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About the only thing I hate more than predictions are schedule analysis.  For the most part, you play everyone, right?  But I suppose this year will be a bit different than most because the Rockets will be implementing a new system while trying to integrate new pieces.  Wait, wasn’t that relevant last year too when they added Ty Lawson?  In any event, you’d ideally want them to start out against like the Lakers, 76ers, and Kings.  Instead, they’ll open against the Lakers, and then play two in a row against Dallas, before paying the defending champs a visit.  They’ll get their first glimpse of old buddy Dwight Howard just a few days later when they go up to Atlanta on November 5 to face the Hawks.  As for the rest of the schedule, eh, I’ll pass on providing any thoughts.  The chips will fall where they fall and everything will even itself out.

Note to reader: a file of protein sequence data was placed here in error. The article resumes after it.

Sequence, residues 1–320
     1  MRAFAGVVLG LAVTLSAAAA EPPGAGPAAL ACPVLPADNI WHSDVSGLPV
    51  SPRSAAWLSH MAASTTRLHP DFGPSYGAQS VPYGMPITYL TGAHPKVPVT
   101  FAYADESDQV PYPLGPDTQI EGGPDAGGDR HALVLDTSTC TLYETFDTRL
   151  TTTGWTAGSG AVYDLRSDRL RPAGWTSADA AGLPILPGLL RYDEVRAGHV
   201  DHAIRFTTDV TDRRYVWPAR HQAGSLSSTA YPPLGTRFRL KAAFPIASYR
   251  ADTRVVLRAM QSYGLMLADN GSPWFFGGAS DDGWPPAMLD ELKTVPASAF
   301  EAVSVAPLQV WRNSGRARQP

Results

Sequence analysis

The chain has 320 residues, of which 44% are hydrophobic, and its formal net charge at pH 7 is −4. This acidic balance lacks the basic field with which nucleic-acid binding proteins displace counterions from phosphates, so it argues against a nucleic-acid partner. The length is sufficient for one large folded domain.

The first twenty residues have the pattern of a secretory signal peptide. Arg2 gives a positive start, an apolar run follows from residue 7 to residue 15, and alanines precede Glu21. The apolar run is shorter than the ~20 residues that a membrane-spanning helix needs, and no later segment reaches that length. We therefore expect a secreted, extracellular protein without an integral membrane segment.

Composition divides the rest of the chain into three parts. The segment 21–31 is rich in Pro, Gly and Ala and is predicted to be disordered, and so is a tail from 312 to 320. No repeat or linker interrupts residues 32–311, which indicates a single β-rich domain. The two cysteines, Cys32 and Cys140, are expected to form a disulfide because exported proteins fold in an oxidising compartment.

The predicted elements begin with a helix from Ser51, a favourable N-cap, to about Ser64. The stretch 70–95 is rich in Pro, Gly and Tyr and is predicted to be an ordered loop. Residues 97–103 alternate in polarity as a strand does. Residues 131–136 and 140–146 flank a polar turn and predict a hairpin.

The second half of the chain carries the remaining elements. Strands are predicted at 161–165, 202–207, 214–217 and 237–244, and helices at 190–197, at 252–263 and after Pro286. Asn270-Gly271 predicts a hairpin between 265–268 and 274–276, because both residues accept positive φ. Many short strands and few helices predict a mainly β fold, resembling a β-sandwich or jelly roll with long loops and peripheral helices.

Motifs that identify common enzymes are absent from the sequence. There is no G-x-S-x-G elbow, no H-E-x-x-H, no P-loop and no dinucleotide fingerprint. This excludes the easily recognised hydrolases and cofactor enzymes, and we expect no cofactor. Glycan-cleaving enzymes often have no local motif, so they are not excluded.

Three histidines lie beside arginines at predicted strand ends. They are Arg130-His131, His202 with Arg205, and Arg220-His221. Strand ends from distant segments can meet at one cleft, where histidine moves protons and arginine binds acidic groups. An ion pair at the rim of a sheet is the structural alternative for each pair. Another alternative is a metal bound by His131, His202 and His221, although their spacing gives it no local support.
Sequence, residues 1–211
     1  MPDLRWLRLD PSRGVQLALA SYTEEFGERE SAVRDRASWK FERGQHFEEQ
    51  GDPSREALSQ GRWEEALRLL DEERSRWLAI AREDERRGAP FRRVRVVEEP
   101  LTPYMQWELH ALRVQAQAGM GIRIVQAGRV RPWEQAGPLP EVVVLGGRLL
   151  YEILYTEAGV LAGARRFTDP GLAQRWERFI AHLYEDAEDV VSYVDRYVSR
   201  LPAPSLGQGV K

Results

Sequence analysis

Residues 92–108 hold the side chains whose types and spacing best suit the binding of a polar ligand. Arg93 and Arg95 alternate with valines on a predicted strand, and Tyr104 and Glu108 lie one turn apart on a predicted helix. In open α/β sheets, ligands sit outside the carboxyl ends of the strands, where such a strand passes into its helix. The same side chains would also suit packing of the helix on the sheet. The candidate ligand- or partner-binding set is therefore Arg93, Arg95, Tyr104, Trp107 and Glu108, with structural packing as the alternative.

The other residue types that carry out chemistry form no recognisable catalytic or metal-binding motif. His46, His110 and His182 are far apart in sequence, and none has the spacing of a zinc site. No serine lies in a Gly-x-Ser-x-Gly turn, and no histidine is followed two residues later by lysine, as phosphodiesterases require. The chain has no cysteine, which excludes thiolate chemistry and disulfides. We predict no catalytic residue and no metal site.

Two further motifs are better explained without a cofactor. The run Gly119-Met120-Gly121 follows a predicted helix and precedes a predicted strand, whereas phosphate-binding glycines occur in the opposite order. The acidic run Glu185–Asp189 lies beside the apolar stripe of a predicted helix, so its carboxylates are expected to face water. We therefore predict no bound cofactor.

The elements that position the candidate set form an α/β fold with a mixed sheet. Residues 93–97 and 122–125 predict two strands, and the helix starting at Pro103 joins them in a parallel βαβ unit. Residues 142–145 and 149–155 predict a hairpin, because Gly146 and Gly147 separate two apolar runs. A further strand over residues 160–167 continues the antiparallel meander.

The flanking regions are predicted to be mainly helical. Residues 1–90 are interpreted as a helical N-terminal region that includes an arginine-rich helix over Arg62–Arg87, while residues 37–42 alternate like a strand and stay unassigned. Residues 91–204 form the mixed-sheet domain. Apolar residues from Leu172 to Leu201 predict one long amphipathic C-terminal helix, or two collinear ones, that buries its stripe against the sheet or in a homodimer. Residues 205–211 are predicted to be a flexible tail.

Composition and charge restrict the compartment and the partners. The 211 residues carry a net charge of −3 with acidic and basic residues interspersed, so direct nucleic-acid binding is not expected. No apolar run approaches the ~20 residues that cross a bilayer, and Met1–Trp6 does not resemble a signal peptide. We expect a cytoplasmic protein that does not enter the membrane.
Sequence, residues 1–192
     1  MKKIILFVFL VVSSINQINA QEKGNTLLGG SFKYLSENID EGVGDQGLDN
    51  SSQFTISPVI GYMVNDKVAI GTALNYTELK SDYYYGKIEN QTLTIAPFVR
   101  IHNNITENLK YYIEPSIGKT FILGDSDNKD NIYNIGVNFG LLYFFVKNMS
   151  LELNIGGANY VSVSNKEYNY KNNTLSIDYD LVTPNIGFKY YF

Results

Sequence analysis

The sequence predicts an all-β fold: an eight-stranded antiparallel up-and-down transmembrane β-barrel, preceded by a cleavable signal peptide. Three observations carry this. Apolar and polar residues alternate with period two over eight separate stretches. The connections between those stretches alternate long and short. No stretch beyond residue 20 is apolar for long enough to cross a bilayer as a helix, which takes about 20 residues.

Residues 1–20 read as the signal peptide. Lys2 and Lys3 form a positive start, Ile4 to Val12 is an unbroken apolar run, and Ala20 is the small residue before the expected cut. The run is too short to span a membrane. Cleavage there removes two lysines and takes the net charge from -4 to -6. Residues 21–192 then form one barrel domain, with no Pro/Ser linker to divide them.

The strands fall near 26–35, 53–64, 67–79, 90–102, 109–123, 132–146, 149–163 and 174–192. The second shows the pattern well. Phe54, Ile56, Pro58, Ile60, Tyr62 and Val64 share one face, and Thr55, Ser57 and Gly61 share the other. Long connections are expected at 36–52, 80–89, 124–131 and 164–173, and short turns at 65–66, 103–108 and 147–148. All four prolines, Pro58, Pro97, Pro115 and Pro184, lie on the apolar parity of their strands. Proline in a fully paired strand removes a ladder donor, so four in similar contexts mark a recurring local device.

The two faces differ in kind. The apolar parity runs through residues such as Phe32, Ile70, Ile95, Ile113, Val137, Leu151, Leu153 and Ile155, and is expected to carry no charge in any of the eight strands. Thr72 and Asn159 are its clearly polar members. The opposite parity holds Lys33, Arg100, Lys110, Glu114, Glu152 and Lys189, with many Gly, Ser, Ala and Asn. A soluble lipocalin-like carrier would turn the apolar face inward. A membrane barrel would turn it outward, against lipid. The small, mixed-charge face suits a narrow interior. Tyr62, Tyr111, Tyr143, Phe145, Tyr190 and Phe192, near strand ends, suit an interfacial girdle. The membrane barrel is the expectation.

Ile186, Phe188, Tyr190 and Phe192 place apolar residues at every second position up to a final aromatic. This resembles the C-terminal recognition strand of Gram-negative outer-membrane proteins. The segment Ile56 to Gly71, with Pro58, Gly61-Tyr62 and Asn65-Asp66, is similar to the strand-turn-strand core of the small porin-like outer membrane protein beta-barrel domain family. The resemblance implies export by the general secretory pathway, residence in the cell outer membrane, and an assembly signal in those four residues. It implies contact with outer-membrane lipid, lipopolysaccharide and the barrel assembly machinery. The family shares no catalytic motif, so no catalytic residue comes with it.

As I noted some weeks ago, one of the big stories to watch will be the adjustment period for James Harden.  What I’m most interested in is whether there is pushback from Harden: does he acclimate immediately to D’Antoni’s preferences, facilitating the offense or does he start the season out holding onto the ball, resorting to old habits?  The success of that relationship will dictate the team’s season.  On paper, the Rockets have the potential to have one of the league’s very best offenses.  But you have to think there could be some growing pains.